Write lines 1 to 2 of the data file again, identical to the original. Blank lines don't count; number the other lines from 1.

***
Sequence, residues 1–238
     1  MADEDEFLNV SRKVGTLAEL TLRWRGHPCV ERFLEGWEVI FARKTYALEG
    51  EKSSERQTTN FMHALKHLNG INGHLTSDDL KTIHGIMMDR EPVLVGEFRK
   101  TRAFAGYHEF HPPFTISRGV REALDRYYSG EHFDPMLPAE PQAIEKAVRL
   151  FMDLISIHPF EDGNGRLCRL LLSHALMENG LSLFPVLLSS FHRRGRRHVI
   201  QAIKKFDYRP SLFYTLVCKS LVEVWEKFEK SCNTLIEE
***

Sequence, residues 1–238
     1  MADEDEFLNV SRKVGTLAEL TLRWRGHPCV ERFLEGWEVI FARKTYALEG